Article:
Difficult lessons in leadership
You learn leadership through experience.
I’ve had occasion to recall some of the most challenging and educational experiences of my development. I’m not proud of them. I wish they had never happened. But they formed me as much as anything.
The painful experiences
I co-founded Submedia in the late 90s. By the early 2000s we had nearly run out of money and were having trouble paying our debts. My PhD in physics, however useful for some things, hadn’t prepared me for running a business. Neither did a childhood with little business training.
I don’t know how my best attempts at leadership looked to others, but looking back, I think the best way I imagined to solve the problems was to work harder. I didn’t know how to understand people’s motivations or bring them together. And when a company struggles, asking people to work harder without empathy won’t motivate them.
The effect was that one day I came to the office and nobody else came. The company employed about a dozen people at the time. Can you imagine the feelings of a CEO to find no one decided to come in that day? Rather that they all decided to stay home? I later learned they coordinated to convey a message to me and the other co-founder. I don’t remember the details after more than a decade, but I remember looking out the window, helpless, hopeless, in tears.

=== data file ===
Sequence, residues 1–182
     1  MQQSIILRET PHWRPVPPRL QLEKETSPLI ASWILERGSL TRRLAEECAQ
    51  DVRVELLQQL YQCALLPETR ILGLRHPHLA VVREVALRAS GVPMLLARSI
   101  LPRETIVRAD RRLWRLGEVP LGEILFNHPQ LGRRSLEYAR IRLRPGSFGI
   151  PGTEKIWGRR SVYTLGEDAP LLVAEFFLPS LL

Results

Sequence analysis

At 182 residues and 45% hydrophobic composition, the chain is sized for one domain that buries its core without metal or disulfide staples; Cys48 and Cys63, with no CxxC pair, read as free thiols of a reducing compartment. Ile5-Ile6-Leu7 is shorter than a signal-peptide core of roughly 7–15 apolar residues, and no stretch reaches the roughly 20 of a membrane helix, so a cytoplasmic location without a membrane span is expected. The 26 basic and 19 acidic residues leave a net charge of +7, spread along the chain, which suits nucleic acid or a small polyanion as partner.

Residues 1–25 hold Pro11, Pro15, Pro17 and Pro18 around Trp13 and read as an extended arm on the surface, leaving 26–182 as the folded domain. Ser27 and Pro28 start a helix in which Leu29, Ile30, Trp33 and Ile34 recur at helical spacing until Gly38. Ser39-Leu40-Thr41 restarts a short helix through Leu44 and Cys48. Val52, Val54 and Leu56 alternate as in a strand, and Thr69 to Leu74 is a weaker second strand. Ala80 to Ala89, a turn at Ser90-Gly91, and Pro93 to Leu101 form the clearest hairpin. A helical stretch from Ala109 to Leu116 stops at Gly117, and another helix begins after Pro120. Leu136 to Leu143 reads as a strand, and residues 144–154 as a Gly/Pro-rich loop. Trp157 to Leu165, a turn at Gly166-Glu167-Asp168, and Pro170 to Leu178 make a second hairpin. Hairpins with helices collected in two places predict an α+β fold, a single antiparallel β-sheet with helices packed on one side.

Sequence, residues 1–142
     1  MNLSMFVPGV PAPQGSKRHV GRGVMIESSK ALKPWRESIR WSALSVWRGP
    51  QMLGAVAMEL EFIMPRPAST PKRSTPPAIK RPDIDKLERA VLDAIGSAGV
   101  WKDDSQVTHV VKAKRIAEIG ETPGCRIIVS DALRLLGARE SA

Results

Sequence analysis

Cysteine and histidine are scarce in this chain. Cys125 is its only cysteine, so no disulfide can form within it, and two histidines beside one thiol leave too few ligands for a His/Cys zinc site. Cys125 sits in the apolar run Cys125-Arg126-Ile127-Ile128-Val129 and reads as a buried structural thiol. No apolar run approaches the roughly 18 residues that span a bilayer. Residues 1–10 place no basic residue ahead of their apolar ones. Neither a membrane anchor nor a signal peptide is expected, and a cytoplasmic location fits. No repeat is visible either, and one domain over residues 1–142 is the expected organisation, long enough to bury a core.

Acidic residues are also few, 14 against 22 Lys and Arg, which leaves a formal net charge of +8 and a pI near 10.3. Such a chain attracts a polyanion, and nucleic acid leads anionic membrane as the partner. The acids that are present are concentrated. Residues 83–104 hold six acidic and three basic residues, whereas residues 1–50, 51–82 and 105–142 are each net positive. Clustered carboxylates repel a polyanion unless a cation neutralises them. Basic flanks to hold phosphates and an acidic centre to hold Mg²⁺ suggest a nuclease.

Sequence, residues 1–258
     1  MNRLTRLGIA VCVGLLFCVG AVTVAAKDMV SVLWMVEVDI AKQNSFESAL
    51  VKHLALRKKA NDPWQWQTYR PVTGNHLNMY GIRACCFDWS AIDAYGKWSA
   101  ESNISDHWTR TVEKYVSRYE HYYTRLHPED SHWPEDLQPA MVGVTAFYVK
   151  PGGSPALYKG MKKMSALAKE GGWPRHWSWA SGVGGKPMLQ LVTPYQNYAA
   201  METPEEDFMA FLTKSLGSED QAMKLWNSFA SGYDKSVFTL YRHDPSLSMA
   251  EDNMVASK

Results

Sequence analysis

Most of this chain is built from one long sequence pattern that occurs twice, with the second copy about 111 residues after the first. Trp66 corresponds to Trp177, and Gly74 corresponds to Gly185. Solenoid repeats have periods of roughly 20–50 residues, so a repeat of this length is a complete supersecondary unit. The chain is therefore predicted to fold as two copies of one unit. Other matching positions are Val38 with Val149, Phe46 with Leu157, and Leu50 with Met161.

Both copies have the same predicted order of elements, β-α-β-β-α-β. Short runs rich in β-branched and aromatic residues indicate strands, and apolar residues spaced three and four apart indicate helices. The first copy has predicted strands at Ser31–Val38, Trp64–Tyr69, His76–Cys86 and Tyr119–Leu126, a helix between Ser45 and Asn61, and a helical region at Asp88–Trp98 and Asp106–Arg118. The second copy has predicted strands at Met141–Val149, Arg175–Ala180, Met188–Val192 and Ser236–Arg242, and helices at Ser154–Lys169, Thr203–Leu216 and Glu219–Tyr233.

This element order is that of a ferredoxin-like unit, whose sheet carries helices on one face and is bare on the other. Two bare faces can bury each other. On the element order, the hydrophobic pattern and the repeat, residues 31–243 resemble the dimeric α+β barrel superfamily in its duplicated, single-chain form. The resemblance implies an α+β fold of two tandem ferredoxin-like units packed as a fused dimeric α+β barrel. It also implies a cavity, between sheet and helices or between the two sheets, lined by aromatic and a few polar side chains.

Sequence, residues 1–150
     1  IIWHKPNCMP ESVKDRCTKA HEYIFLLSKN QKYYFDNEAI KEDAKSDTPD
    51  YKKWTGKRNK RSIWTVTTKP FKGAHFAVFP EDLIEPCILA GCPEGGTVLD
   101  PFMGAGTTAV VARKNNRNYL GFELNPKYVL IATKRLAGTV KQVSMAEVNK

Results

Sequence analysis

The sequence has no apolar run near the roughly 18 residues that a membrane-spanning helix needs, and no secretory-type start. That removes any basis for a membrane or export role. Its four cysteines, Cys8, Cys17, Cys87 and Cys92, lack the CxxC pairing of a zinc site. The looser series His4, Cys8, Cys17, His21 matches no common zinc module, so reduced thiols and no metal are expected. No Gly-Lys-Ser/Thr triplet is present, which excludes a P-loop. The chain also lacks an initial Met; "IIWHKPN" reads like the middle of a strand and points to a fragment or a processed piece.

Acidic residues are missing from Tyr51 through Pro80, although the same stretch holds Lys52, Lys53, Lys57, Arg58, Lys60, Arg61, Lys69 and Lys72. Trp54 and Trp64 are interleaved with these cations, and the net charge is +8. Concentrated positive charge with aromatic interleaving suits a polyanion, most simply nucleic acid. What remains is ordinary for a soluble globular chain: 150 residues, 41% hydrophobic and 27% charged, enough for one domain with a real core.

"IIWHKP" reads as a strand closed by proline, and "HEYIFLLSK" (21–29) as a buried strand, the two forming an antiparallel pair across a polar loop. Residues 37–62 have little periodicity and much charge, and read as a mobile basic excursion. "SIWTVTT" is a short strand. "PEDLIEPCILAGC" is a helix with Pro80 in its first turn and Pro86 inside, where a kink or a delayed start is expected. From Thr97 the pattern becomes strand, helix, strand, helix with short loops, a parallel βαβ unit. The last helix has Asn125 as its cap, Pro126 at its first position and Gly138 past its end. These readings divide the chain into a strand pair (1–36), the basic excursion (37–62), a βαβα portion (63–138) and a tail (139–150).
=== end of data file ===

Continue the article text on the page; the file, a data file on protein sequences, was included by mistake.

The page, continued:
I’m sure conveying more of the details would explain the situation better for the readers. I’m sorry I’m just giving a highlight (lowlight?). Needless to say, the situation changed me forever. People today ask me about my changing from science to business to leadership.
I usually tell them about how my values changed from information and facts to relationships and motivation. My helplessness then — my counterproductiveness in thinking harder work would get us out of the situation — influenced me as much as anything.
I’ve heard it said that you haven’t led until you’ve had to let someone go. As our funds ran down, we did our best to keep the people on board. Eventually we had to face that we couldn’t pay people anymore. With a payroll of about fifteen, we realized our only chance to make it meant letting go of eight people. As CEO, I had to do it — my first time letting anyone go. I had never been let go myself.
I grew up fast. I probably had the least business experience of anyone in the company. I had to tell them we had to let them go. Looking back, they probably knew what was happening long before I did. I think I did it poorly, if one can do it not poorly.
Anyway, it happened. I learned. I value what I learned and want to continue to lead. I believe I lead more effectively, certainly with more compassion and empathy, at least as I perceive myself, as a result.
Neither experience is something to be proud of. Like I wrote, I wish neither had happened. But they did, and such things happen, and anyone who chooses to lead either chooses to take responsibility to act or doesn’t. Either you learn from experiences like these two or you don’t.
The value of experience
During these difficult periods I struggled to find helpful mentorship and advice. I couldn’t find it from most people, but now and then I found someone who not only helped, they seemed to know my problems before I told them.
In talking with them I learned how they understood so quickly — they had gone through similar experiences. If you’ve been through experiences like that you know. If you haven’t — well, you may know intellectually, but I’m not sure how deeply or viscerally you’d understand.
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